When evaluating claims that a confession has been coerced, courts employ a "totality of the circumstances" standard (1) under the Due Process Clause of the Fourteenth Amendment. (2) Yet, today, a good many police interrogation tactics involve deception, including deception about the existence of incriminating evidence, deception about the adversarial role of the police, even deception about whether an official interrogation is taking place. Indeed, deception has largely replaced coercion as the key issue regarding the legality of custodial interrogation tactics. (3) One might say that deception is the new coercion. Yet, faced with claims that inducement of a confession through deception is constitutionally impermissible, courts generally fall back on the same due process standard they have used to determine whether certain tactics are coercive. Under this standard, courts rarely find deception to be impermissible, but they are unable or unwilling to articulate a useable standard for when police deception goes too far.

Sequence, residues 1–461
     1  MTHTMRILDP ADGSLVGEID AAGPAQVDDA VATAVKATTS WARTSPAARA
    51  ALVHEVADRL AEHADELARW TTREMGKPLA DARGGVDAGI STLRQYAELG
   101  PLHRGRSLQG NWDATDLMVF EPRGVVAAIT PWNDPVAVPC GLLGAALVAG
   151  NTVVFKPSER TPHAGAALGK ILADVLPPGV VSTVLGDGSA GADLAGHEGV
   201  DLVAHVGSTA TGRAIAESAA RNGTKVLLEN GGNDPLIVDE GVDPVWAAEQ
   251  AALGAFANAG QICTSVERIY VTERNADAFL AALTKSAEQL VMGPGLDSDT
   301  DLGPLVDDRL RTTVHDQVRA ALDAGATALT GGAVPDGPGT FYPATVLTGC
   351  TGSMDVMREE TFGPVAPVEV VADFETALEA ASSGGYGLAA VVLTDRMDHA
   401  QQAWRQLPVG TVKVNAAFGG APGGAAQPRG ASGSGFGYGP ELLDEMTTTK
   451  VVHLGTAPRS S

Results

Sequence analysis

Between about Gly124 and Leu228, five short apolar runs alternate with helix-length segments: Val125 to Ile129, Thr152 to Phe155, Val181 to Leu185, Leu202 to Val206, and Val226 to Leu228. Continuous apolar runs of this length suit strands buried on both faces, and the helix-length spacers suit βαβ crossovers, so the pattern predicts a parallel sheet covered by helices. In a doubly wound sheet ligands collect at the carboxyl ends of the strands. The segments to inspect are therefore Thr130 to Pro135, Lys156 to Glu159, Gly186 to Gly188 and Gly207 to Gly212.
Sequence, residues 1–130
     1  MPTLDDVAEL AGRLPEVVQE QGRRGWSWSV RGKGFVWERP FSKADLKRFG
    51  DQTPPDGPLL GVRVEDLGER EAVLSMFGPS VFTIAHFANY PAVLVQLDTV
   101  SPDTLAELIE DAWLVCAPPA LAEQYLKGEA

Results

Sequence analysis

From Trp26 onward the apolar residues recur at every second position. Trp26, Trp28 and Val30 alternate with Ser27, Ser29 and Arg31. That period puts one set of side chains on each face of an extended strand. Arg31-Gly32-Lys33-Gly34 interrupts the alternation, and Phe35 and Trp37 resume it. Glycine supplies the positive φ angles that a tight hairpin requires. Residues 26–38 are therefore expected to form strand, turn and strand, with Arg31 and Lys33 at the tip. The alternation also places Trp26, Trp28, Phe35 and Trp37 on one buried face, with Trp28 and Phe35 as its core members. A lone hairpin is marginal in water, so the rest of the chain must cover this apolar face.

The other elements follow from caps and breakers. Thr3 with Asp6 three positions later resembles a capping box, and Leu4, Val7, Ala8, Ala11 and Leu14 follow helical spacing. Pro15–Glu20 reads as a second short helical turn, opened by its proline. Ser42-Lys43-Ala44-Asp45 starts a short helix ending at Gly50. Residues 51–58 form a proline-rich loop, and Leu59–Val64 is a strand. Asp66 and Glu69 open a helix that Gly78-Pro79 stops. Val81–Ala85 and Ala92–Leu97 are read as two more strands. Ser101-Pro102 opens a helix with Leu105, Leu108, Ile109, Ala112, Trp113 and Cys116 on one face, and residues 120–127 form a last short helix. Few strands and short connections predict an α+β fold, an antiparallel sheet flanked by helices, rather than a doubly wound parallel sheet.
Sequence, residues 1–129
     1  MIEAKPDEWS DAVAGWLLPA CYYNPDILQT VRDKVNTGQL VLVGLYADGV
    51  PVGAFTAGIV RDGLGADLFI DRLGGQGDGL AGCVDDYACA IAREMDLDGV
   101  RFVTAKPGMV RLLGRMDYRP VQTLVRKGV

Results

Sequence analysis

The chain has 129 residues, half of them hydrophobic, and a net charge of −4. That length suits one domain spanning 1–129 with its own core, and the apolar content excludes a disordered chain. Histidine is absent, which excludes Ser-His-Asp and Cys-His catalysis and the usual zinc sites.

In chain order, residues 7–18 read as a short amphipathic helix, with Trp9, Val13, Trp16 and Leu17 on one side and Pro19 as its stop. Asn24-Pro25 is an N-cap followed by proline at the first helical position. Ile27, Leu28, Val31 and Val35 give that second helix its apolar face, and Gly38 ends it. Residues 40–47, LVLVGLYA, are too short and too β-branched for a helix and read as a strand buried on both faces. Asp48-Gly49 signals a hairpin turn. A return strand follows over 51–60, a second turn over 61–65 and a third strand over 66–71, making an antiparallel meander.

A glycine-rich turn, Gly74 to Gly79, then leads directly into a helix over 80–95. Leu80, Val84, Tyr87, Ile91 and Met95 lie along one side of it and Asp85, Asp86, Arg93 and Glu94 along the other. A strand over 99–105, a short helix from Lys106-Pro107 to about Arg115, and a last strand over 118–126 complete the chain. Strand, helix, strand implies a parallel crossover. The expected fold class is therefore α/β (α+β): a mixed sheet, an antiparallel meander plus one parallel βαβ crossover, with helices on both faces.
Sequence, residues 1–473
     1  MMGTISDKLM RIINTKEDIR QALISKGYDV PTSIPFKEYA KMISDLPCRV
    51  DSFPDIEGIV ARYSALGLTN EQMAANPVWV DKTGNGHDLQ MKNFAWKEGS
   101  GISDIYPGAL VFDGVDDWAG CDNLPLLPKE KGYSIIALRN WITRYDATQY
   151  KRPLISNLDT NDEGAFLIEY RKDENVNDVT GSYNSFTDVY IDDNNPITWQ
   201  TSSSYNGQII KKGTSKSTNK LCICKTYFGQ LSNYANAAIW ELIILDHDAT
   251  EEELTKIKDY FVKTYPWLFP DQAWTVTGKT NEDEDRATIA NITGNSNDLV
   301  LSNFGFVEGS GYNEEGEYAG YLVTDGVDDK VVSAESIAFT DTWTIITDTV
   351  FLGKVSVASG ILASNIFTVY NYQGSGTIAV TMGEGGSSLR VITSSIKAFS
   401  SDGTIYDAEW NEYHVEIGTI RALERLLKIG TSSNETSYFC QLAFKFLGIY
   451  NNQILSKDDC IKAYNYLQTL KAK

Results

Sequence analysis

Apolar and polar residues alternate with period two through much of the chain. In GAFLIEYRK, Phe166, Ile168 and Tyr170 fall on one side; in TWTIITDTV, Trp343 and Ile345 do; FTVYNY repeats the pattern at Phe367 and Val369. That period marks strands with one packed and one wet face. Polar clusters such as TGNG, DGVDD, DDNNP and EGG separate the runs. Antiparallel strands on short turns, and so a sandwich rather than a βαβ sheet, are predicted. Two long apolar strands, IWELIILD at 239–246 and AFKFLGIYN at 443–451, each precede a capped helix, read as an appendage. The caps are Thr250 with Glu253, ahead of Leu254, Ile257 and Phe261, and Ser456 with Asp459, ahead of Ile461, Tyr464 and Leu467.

But deception is not coercion. The rhetoric of classic interrogation jurisprudence, with its emphasis on the "overborne will," is an ill fit for cases involving deception. Every other area of the law recognizes that deception is different from coercion. Coercion is thought to occur when another person deprives an actor of the free will to make a rational choice--that is, when it leaves the actor with an unfair choice between unattractive alternatives. Deception, by contrast, causes a person to exercise free will to make a seemingly rational choice based on false information, absent which the choice would have been different. Most deceptive police practices fall within the rubric of fraud. Far from being instances where the suspect was deprived of the free will to admit, deny, or refuse to answer, in most cases involving police deception, the suspect appears to have made a calculated decision, to have exercised free will, to confess in exchange for some perceived benefit. Only where statements by the police would be coercive irrespective of their truth or falsity can we say that the suspect has been coerced. But where a person makes a seemingly rational decision to provide information based on an illusory promise of a benefit, and a reasonable person in the situation would have done the same, we should call it fraud.